Você está na página 1de 8

Lab 1: Introduction to BGC 8088 And Microprocessor


Kulliyyah Of Engineering
Department Of Electrical Engineering


Name: _____________________________________________
Matric Number: ______________
Group: ________________
Section: __________________
Date: _____________________
Due Date: _____________________________
Instructor: _____________________________


1. Understanding the built and operation of BGC 8088.
2. Introduction to Assembly Language Programming with Intel Microprocessor 8088.

Lab 1: Introduction to BGC 8088 And Microprocessor

SECTION A: Introduction to BGC 8088

BGC 8088 Microengineer is a standalone Microprocessor Training System. Standalone means it
can be used with or without Computers. This section will brief you about its properties,
i) General
a. Observe the BGC 8088. Name 5 of the IC that is available inside of BGC.


Which one of the IC is the microprocessor? Draw a simple schematic diagram with pin
assignments of this IC.


Draw a simple schematic diagram of BGC 8088

ii) Hardware Specifications

CPU: Intel 8088 running at Clock Rate of 4.77 Mhz
System Memory consist of 32 KB RAM and 16 KB ROM (expandable to 32 KB)
3. Display: 2 X 40 character LCD module
4. Keyboard: 56 keys keyboard (alphanumeric and ASCII Symbols)
5. Built in Printer Interface: Provides the most general parallel printer interface. Connection is
similar to any IBM PC
6. RS232. To allow program to be transferred from host PC to BGC 8088 and vice versa
7. Parallel Control Interface This interface is built from 3 IC chips (8254, 8255 and 8259 A) It
provides 3 8 bits I/O Ports, 3 Timers, 5 interrupt signals

Lab 1: Introduction to BGC 8088 And Microprocessor

d. Explain the following terms

Clock Rate:



Interrupt Signals

e. Name 3 IC chips mentioned in the above section (no. 7)

iii) Software Functions

Monitor Commands
Monitor Commands are the key commands in BGC 8088 Microengineer to enable the user to use
the system. Its the key to tell the Microengineer on what to do, for example: when to start
typing program or when to execute a program. At the end of this lab, you should know the letters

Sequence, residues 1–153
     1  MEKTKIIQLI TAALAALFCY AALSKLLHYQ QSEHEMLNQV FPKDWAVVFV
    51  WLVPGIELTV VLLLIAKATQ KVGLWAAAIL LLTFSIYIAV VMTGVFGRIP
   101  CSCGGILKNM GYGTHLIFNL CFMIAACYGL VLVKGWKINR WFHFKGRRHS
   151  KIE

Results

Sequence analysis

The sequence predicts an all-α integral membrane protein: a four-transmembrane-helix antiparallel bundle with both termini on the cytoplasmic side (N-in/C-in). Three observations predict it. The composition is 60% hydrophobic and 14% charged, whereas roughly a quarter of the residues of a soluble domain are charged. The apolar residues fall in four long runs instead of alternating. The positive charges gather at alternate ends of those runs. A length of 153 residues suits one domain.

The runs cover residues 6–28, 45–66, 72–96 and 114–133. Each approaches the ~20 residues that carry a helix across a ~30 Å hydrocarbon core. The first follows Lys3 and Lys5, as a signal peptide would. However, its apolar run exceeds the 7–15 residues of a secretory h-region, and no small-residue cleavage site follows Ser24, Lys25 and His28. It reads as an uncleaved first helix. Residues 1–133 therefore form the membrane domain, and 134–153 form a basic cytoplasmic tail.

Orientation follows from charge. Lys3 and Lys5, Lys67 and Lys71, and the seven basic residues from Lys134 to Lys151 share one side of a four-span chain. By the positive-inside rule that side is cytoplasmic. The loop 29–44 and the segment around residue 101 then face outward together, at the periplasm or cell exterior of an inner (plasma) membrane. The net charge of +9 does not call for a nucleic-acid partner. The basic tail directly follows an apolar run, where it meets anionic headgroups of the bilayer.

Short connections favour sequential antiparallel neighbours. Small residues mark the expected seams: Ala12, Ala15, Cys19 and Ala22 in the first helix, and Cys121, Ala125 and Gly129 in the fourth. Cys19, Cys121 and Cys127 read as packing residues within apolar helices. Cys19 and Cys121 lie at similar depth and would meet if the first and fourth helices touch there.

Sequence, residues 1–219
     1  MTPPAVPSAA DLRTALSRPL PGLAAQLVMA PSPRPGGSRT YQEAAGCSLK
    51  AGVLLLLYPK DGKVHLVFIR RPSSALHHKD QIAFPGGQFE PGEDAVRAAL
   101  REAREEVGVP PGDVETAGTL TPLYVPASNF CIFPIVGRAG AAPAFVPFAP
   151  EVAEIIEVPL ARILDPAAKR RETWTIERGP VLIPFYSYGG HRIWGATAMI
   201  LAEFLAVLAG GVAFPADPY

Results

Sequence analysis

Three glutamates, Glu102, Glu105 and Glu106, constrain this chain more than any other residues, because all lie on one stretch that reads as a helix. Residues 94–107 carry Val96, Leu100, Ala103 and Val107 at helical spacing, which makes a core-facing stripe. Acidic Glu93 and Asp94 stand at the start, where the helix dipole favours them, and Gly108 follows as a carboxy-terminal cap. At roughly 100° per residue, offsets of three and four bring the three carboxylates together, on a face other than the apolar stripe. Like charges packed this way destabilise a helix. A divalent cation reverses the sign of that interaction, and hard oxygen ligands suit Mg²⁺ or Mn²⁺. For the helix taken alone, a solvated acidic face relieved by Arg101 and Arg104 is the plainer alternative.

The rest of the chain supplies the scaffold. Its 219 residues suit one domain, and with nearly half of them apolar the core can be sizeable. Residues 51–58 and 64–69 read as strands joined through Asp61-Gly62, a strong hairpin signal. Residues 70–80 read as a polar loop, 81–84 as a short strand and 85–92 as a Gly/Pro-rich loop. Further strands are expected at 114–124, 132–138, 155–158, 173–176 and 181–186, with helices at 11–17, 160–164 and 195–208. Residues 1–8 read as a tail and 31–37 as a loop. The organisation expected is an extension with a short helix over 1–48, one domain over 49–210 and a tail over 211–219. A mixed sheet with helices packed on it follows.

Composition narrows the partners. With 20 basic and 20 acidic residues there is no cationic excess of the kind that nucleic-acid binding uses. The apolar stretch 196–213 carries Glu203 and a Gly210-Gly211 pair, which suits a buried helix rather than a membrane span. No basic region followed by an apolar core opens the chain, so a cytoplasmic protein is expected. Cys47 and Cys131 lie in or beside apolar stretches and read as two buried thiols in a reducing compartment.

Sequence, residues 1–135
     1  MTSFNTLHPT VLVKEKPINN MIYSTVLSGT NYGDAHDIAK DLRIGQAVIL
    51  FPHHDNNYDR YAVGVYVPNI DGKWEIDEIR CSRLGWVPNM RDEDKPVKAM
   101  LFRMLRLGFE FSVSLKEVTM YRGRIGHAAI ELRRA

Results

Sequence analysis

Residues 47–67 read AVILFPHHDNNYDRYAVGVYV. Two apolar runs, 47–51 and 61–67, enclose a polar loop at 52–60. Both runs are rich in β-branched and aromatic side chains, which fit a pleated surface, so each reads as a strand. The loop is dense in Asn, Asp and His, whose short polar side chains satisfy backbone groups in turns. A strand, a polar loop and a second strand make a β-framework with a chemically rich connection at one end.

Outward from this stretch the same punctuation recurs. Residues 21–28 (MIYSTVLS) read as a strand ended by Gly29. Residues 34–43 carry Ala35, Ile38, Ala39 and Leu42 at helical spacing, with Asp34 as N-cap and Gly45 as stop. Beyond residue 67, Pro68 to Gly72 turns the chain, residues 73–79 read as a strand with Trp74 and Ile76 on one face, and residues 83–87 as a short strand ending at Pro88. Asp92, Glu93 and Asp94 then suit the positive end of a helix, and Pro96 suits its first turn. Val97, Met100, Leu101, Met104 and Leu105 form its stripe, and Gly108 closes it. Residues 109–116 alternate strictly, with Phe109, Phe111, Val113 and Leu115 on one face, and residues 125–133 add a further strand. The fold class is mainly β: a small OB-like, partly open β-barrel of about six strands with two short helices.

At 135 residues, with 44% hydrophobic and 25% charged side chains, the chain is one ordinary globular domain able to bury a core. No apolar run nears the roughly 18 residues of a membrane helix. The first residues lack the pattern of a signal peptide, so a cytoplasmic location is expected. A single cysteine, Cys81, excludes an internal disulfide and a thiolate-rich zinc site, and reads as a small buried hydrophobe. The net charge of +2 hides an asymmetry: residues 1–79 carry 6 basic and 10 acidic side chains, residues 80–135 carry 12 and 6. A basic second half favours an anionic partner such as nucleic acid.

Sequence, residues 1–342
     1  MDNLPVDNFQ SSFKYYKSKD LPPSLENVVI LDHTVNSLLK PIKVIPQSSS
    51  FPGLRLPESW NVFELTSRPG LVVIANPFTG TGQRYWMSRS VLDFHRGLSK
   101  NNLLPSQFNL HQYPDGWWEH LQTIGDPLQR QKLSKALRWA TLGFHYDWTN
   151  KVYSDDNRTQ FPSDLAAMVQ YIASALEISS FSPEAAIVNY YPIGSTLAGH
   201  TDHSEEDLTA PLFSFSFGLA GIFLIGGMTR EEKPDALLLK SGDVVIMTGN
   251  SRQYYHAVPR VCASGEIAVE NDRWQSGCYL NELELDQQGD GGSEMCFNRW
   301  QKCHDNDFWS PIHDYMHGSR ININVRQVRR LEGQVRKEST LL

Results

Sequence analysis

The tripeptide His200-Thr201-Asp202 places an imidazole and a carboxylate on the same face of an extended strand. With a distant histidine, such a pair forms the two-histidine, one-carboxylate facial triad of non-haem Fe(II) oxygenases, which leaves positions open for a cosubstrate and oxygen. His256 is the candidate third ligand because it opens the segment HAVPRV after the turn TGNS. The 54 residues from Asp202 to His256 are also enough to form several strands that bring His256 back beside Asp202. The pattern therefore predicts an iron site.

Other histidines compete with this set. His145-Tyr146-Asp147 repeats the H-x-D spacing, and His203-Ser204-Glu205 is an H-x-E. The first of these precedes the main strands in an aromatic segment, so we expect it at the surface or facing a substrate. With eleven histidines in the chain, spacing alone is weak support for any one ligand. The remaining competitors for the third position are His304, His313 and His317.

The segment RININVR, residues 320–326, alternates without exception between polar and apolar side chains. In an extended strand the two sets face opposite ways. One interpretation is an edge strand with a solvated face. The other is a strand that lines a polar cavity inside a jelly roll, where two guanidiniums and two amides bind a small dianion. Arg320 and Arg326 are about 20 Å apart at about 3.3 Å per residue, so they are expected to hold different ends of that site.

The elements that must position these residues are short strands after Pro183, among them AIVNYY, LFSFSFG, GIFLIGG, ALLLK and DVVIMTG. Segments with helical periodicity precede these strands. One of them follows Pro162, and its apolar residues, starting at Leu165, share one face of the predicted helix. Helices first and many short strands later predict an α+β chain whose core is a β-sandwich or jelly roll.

to use for which purpose. The monitor commands must be typed in a command prompt.
Types of Monitor Commands

Assembler Commands (A, I and U)

A: Assemble the assembly language instructions
I: Insert Mode
U: Dissembler: (List)


Program Control Commands (G and R)

G: Execute
R: Display / Modify the register content
T: Trace program execution


Memory Management (C, D, E, F, M)

C: Compare the memory contents
D: Display the memory content
E: Substitute the memory content

Lab 1: Introduction to BGC 8088 And Microprocessor

F: Fill into a memory block

M: Move the memory content

Numerical treatment (B, H, J, S, V)

B: Convert decimal into binary
H: Calculate the sum and difference of two hexadecimal numbers
J: Convert decimal number into hexadecimal number
S: Convert hexadecimal number into decimal number


I/O Commands ( N , O )
N: Input data from I/O device
O: Output data to I/O device


Communication commands ( L, Z )
L: Download a program from host
Z: Upload a program to host

Step 1: Command Prompt and Address Prompt

On the BGC8088 and type a at the * prompt (command prompt), and press CR (carriage return).

The output will be:

This prompt means that the Microengineer is now ready for program statements. The statement
typed at the above prompt will be written to memory address 0000 in the memory block 0100.
a is a Monitor Command Commands should be entered at the * prompt. Program statements
must be entered at the address prompt. (The address is like 0100:0000.)
0100: 000
0100 is segment address
0000 is offset address


Type a at the address prompt. What do you observe? Why does this happen?